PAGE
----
19 Apr 2021 | Perioperative Mortality Review Committee
The Perioperative Mortality Review Committee (POMRC) is calling for district health boards (DHBs) to conduct an in-depth review into all cases of major trauma resulting in hospitalisation in Māori aged 15–18 years.
The recommendation comes from the POMRC’s ninth report, published today, which found that Māori youth aged between 15 and 18 years were three times more likely to die in the 30 days following major trauma than non-Māori in the same age group.
The POMRC reviews deaths related to surgery and anaesthesia that take place within the 30 days following an operation. It advises the Health Quality & Safety Commission on how to reduce these deaths and makes recommendations to make surgery safer for patients.
The ninth report focuses on comparing what happened (‘outcomes’) to Māori and non-Māori patients who were hospitalised following major trauma.
The report found that Māori were 37 percent more likely than non-Māori not to get an initial CT scan and 56 percent more likely to die in the first 30 days following major trauma that did not involve serious traumatic brain injury.
POMRC member Dr Dick Ongley says the report’s recommendations aim to help improve understanding of the factors that contribute to inequities in outcomes in the New Zealand health system.
‘We hope to help identify where the health sector can deliver better outcomes for Māori following major trauma.’
The report recommends Te Hononga Whētuki ā-Motu, the National Trauma Network, develops a national consensus guideline on prioritising CT scans for trauma cases to ensure unconscious bias and institutional racism do not result in inequitable health outcomes for Māori.
It also recommends DHBs review all cases of people with serious traumatic brain injury treated at non-neurological centres. The report recommends the reviews focus how appropriate and effective decisions about whether to transfer patients were.
The report also recommends all cases of trauma in Māori aged 15–18 also be reviewed to ensure key points of intervention were optimal and timely.
‘The reviews should consider the role implicit bias and institutional racism play in producing the inequities found and detailed in the report,’ says Dr Ongley.
‘There is a wide and established body of evidence about how unconscious bias and institutional racism in our health care system impacts Māori. Our report hopes to help those involved in the sector examine their own systems to improve trauma outcomes for Māori. Addressing this means linking trauma care to wider equity efforts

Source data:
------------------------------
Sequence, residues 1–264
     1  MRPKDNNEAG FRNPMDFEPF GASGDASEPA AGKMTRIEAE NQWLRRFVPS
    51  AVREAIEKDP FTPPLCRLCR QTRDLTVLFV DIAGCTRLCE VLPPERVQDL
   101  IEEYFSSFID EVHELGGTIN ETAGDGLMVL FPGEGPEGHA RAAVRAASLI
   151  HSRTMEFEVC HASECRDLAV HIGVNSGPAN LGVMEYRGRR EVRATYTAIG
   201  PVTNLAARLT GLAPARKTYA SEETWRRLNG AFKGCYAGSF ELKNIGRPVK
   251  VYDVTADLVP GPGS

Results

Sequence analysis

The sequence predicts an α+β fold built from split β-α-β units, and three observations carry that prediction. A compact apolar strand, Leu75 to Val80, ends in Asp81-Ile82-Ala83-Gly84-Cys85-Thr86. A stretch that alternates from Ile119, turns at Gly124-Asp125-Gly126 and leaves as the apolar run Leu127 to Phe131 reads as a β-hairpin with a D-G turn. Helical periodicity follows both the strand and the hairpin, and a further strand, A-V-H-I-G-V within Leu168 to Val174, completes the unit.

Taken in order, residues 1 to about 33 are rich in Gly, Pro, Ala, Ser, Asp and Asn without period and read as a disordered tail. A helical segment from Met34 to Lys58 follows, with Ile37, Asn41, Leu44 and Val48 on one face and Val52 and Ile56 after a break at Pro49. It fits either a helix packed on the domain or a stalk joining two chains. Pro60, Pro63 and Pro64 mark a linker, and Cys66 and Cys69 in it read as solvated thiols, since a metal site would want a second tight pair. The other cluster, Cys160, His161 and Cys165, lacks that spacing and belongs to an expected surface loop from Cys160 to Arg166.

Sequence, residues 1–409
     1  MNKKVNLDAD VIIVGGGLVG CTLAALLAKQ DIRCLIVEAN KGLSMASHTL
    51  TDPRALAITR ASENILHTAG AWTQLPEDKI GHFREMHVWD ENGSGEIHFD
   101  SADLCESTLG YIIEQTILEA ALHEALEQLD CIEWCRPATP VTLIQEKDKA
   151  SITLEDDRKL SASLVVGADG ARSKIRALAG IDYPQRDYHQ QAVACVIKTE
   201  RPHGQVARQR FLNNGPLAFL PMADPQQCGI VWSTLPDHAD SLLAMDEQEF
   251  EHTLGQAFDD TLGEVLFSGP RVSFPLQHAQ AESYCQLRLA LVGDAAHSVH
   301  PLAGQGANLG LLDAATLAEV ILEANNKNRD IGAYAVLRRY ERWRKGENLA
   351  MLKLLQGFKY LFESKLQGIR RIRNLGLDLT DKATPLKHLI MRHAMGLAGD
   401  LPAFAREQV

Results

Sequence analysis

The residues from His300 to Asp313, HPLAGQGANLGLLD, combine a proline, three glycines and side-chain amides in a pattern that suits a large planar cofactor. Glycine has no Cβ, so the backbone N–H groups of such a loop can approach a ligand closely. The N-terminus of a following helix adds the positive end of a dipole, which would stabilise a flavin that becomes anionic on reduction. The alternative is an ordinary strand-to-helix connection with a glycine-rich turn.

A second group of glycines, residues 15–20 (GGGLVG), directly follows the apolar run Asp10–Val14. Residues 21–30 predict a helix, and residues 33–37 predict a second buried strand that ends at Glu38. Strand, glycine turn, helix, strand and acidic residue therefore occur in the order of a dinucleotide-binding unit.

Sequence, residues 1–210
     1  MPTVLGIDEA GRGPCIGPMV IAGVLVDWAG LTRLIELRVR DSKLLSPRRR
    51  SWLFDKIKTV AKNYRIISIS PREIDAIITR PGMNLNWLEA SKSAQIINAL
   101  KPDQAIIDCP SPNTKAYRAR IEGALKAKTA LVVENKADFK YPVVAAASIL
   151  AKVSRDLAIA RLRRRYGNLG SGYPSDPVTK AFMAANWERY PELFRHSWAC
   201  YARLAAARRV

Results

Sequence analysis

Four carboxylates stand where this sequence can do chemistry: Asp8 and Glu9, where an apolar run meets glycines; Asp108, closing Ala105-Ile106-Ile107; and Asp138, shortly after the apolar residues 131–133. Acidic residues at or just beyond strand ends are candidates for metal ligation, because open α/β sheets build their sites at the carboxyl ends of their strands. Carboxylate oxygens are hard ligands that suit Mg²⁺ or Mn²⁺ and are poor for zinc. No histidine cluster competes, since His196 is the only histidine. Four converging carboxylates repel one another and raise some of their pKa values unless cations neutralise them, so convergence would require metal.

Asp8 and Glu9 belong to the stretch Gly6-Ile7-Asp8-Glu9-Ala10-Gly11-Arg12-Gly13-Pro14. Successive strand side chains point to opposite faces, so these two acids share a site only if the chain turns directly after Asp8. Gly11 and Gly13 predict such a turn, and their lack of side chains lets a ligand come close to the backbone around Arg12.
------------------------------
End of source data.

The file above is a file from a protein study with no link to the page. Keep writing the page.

in the sector, including educating providers and recognising how crucial equity is to providing good-quality health care,’ says Dr Ongley.
The report recommends the Accident Compensation Corporation (ACC) provides extra resources to enable the New Zealand Major Trauma Registry to collect data on people who die from major trauma at the site of injury or on the way to hospital.
The report says robust and up to date information about outcomes for those who die from major trauma before reaching hospital is required to allow for more comprehensive reporting and support the development of robust public health policies.
The full report and summary version can be downloaded here: Equity in outcomes following major trauma among hospitalised patients.
E mea atu ana te Komiti POMR (Perioperative Mortality Review) kia whakamahia e ngā Poari Hauora ā-Rohe (DHBs) he arotakenga hōhonu ki ngā āhuatanga ngaukino nui katoa e hōhiperatia ai te Māori 15–18 tau te pakeke.
Ka ahu mai tēnei tohutohu i te pūrongo tuaiwa a te Komiti POMR e pānuitia ana i tēnei rā, ki roto nei e kitea ai mō te taiohi Māori i waenga i te tau 15 ki te 18 tau te pakeke ka toru tāima te tokomaha atu ka mate i te taiohi ehara i te Māori ki roto ki te 30 rā whai muri i tētahi ngaukino nui.
Ko tā te Komiti POMRC he arotake matenga ka meatia i te pokanga me te rehunga nō roto mai o te 30 rā whai muri i tētahi pokanga. Ko tā te Komiti anō he tohutohu i te Kupu Taurangi Hauora o Aotearoa me pēhea e whakaiti iho ai i ēnei tū matenga me te tohutohu atu anō e haumaru ai ngā pokanga mā ngā tūroro.